As I was asking the Lord for forgiveness for being such a prideful jerk, my second epiphany hit. I can want all day long and twice on Sunday and still not truly want for anything because the Lord is my shepherd. Want and need are two different things. As a child of God, I really do have all that I need so my wishlist of extras is not really a need. As parents, we don’t give our children everything they want because half the time, what they want isn’t good for them and certainly not what they need. Why would God be different? In His perfect love for us, He knows that our wishlists are filled with things that won’t turn out to be good for us, so He doesn’t give in and give them to us just to make us stop pestering Him for them.

All of this led me to a much different type of list. Now my wishlist is filled with thanks and needs. Lord, thank you for bringing such a wonderful pet and companion into our lives. Thank you for giving us eight healthy years with her. Thank you for her gentle spirit as she taught the kids much about gentleness and taught all of us about unconditional love. My only plea is that when the time comes for us to let her go, please give us the strength to do what is right and not cause her to suffer because we can’t let go.


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4 Responses to I Shall Not Want

  1. Debs says:

    Wonderful article. I’m so sorry about your dog. However your message is almost construed that it is wrong to request healing, etc for anyone. We know as in the Word that praying for healing is taught and encouraged….so why is it selfish to do? This is not telling God how to make His decisions.

    My family had a very young German Shephard that developed a huge nasal cancer tumor. My (then) husband was devastated and was going to try Chemo for the dog. I came to God in thanksgiving and asked Him to help the dog be cancer free. Almost immediately (the next day) the swelling started to go down, and one week later at the next vet visit it was declared the cancer had disappeared! I was deeply moved by God’s loving mercy!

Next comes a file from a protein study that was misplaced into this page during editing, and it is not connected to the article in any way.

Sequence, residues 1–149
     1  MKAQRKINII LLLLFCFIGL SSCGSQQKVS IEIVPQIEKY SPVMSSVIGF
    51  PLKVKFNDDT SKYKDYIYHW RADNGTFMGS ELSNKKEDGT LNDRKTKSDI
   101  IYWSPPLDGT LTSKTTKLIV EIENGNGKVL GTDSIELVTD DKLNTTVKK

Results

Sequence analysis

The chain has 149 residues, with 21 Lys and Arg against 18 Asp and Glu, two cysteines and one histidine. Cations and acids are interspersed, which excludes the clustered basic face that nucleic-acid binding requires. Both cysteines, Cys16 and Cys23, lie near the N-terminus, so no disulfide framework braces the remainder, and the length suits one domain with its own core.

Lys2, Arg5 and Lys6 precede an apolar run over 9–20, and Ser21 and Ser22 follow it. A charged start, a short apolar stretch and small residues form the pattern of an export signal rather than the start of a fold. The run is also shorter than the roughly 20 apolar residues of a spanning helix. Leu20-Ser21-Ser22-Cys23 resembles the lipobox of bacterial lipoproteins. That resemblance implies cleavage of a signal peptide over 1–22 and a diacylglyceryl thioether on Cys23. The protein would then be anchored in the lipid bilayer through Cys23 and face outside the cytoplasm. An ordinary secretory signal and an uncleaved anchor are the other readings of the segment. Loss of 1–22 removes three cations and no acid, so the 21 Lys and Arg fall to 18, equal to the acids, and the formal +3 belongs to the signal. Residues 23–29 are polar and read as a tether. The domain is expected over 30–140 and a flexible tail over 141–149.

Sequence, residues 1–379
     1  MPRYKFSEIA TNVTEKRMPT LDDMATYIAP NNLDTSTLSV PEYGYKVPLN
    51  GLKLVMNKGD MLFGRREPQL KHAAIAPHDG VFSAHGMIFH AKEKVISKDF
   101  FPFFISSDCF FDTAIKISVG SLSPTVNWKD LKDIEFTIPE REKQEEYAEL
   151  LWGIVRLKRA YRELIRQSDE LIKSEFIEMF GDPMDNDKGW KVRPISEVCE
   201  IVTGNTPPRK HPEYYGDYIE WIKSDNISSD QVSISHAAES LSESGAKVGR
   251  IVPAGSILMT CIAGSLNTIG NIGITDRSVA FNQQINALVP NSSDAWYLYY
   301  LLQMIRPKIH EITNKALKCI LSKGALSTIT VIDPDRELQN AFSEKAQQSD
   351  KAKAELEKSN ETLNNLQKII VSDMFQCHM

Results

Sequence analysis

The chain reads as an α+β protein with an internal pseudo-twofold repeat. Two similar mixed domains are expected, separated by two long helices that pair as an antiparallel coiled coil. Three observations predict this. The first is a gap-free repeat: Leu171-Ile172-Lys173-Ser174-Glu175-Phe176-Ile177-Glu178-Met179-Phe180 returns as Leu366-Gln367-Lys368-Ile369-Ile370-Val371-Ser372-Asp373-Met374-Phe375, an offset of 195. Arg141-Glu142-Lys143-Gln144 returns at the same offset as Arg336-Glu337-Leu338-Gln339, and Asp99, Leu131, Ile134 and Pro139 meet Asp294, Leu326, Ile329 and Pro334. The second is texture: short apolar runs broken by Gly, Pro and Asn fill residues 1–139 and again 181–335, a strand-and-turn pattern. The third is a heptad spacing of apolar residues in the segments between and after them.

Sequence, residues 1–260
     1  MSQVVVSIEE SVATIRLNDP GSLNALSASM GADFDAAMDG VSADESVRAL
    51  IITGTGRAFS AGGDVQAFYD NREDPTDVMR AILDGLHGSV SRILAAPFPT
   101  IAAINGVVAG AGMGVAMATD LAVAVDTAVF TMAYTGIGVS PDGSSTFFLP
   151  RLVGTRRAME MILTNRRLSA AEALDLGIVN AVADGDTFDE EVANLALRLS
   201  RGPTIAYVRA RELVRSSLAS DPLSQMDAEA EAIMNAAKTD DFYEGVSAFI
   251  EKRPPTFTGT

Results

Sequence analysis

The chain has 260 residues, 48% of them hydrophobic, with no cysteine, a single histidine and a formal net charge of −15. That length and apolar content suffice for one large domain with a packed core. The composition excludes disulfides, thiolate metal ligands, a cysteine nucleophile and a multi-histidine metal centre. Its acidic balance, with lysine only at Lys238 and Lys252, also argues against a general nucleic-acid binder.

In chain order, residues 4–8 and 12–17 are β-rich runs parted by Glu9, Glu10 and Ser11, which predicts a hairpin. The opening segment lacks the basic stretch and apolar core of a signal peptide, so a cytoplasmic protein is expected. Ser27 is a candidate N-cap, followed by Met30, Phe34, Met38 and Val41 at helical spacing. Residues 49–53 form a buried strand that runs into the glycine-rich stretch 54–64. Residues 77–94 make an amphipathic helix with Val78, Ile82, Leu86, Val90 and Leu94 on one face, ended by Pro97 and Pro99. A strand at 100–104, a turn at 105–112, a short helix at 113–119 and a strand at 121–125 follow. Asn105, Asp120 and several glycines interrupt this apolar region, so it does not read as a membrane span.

I have so many more examples that miracles like these happened….but my point is I wasn’t trying to govern the Lord I was requesting healing….there is a difference and I didn’t get that from your article. It sounds like you decided it was wrong to pray for a healing or different outcome for your pet was being selfish and disrespectful to God.

    • Pastor Kim Jones says:

      Hi Debs, I’m so glad to hear that your fur baby is cancer free.

      I am sorry that you misunderstood what I was trying to say. I felt very convicted NOT because I was praying for her healing — but because I felt like I was giving God options. My prayer wasn’t just “Lord, please heal her.” It was more “Lord, please heal her but if you don’t want to do that, then here are some other options for you.” My disrespect came from those “options,” not from asking for her healing.